My husband and I didn't sit down and discuss skirt lengths or necklines over Cheerios and milk with our toddlers, but we did begin to teach them about modesty. Yes, I know my kids may have seemed too young to start this conversation. Toddlers may not be able to even process the concept of modesty, according to best-selling author and speaker Dannah Gresh. "They still like very much to rip off their clothes and run naked as if they lived in Eden," she explains. If modesty isn't a concept toddlers can grasp, then why bother? My husband and I realized that this was an age where we could lay a foundation for future discussions.
We started by teaching our girls to keep their clothes on at other people's houses and in public places. Next, we trained them to shut the door when using the bathroom. Through it all, we talked about how God created their bodies special and called them "very good."
We also did not dress our 2-year-olds in clothes that we didn't want them wearing at 15. So at the pool and beach, we opted for more coverage, despite how cute their baby bellies were. Our purpose was to establish clothing standards early on. We were concerned that if we waited until they were older, then we'd be sending mixed messages on whether their bodies really were sacred.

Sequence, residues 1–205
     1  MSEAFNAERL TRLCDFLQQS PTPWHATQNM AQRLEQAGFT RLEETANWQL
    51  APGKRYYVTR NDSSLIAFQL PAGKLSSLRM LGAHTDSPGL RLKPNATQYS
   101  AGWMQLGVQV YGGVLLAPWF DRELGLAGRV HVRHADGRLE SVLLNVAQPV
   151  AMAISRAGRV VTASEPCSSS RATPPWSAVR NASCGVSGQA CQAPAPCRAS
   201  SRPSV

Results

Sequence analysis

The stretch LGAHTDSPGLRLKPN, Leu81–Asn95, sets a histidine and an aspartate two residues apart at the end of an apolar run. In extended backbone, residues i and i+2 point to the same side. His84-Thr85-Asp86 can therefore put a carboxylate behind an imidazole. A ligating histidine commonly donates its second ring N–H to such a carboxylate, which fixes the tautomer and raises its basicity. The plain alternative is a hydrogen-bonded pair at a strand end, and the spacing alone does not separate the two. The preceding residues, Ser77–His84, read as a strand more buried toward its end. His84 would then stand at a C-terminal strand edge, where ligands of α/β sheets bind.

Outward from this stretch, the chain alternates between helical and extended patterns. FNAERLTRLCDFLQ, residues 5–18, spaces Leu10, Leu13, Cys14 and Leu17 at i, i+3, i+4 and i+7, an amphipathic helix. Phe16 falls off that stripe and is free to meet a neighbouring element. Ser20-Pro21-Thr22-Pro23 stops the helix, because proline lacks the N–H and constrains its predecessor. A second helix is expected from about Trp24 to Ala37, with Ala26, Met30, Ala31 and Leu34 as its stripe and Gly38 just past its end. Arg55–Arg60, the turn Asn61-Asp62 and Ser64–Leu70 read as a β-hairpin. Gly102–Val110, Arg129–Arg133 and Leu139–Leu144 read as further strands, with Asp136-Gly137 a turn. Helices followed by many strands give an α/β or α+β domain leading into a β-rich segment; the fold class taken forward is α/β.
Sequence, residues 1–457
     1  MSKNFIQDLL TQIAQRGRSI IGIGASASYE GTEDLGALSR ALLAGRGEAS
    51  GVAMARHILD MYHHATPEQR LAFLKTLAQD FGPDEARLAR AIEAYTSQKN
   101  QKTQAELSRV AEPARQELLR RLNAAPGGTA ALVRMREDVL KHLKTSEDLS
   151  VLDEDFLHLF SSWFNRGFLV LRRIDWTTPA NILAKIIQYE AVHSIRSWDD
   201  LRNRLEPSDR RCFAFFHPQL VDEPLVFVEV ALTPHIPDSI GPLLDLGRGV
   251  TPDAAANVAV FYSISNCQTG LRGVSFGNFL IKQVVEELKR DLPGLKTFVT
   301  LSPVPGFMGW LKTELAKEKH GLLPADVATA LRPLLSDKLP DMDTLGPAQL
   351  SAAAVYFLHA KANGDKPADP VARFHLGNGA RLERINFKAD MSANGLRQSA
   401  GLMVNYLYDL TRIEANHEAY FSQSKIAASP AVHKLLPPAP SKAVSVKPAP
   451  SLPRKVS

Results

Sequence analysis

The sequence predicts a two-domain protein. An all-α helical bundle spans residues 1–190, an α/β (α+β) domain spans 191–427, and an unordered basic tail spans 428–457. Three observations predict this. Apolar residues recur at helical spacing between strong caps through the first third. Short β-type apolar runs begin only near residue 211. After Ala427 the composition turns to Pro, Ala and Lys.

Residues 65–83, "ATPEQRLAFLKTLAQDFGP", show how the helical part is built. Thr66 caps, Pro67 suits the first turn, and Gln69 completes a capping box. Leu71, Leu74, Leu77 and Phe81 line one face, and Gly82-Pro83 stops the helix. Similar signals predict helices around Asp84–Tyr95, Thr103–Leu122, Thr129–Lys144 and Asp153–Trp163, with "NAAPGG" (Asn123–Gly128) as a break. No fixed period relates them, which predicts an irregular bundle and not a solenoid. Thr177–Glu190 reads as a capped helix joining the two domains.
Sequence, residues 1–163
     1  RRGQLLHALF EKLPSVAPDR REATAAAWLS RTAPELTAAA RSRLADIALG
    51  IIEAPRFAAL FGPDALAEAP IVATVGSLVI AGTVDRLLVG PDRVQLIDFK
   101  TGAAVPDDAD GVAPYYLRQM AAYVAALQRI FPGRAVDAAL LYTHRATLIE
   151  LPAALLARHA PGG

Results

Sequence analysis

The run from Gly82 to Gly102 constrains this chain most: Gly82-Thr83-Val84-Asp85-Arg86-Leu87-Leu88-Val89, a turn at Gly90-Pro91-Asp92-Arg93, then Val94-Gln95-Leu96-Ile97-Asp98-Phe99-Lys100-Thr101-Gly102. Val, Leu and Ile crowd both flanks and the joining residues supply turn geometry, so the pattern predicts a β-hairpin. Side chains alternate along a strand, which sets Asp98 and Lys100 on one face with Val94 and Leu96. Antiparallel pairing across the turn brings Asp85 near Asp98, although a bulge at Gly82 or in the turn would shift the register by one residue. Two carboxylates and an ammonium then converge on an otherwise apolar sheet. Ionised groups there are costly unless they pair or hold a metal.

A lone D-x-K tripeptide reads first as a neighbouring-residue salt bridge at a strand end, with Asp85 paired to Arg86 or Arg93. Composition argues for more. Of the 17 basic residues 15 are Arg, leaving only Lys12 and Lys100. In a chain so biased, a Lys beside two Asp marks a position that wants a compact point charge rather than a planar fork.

"If we wait until a child's body is fully mature and then teach them modesty, the message gets confusing," Gresh says. "They may feel that their body is bad." Kids need to understand that the problem lies with the immodest clothing, not their bodies, Gresh explains. Teaching them modesty at an early age, when they still have child and not teen bodies, can help make this distinction clear.
This article appeared in the February/March 2016 issue of Thriving Family magazine. Copyright © 2016 by Ashleigh Slater. Used by permission. ThrivingFamily.com.
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